Lawrence Berkeley National Laboratory (Berkeley Lab) recently published the ninth edition of its Tracking the Sun report, a SunShot Initiative-funded summary of trends in the installed price of residential and non-residential solar photovoltaic (PV) systems. The report finds what you would expect of this booming industry: solar energy system pricing is at an all-time low. But what’s also exciting is that this year, for the first time, Berkeley Lab publicly shared the data used in the report analysis, making fully accessible all non-confidential data from the approximately 800,000 solar energy systems tracked in the latest edition of the report.
This now public data includes more than 60 data fields including size, location, date of installation, installed price, equipment specifications, and other details. No personally identifiable information about individuals who own or host solar energy systems is published. The data can be accessed through the National Renewable Energy Laboratory’s Open PV Project, along with a user guide that describes the data sources and data fields.
Making this information public helps solar companies and customers alike. Access to data helps the solar industry lower the cost of capital for new projects. For example, fragmented data limits financing opportunities for solar energy projects by undervaluing payback periods, which makes them less attractive investments. Increased amounts of standardized data allows investors to more accurately value solar investments. In addition, having more data about the performance of solar projects also increases competition among solar companies by giving them motivation to develop new products that are capable of improving cost, performance, and pricing transparency. This makes it more affordable for solar companies to do business and more affordable for Americans to choose solar energy.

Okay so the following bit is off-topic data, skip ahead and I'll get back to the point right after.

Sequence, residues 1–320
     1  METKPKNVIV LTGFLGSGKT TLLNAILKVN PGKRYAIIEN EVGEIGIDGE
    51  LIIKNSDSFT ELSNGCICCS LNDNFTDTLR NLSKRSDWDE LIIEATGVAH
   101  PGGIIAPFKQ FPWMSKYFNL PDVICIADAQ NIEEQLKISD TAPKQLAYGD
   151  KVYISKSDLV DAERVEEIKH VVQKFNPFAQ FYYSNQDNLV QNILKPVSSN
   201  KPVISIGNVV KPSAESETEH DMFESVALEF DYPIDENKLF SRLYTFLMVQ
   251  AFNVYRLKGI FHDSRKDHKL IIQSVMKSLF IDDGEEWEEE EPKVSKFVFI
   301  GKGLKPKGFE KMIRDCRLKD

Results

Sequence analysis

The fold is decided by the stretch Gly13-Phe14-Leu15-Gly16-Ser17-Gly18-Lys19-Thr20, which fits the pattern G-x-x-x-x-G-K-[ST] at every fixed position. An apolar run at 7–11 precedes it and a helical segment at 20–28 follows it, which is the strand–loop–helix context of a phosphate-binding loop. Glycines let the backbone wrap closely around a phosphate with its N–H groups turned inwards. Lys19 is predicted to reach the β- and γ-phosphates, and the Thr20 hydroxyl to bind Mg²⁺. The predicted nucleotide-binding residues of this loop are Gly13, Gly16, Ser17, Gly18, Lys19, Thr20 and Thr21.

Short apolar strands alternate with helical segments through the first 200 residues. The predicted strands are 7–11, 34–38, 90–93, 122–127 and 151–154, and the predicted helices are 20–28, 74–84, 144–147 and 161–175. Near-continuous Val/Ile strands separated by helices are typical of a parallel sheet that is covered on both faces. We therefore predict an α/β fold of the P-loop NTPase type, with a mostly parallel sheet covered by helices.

In addition, this data helps studies of solar energy move forward, which will further evolve solar energy. In fact, Berkeley Lab will be collaborating over the next two years with several universities to leverage the data in new and unique ways. They are currently soliciting input from industry participants and stakeholders about potential research topics to explore with this data set.
As the solar industry continues to increase the transparency of data, the SunShot Initiative is working to ensure that happens. Earlier this year, SunShot launched Orange Button, a funding program that works to standardize the way solar data is collected and exchanged. Orange Button will help the Energy Department, Berkeley Lab, and others track industry trends and progress toward SunShot’s cost-reduction goals.
Data transparency extends into SunShot’s work as a whole. With the hundreds of projects that provide funding to private companies, universities, state and local governments, nonprofit organizations, and national laboratories, it is important that the general public has access to information about how taxpayer dollars are being spent. The SunShot project map provides detailed information about nearly 600 awards (both active and completed), including a project description, funding amounts, location of the project, and the year of inception.
With the solar industry’s rapid growth anticipated to continue, increased data transparency will remain an important factor in enabling a safe and robust solar market. Learn more about Tracking the Sun and Orange Button.
This article was originally published by the U.S. Department of Energy in the public domain.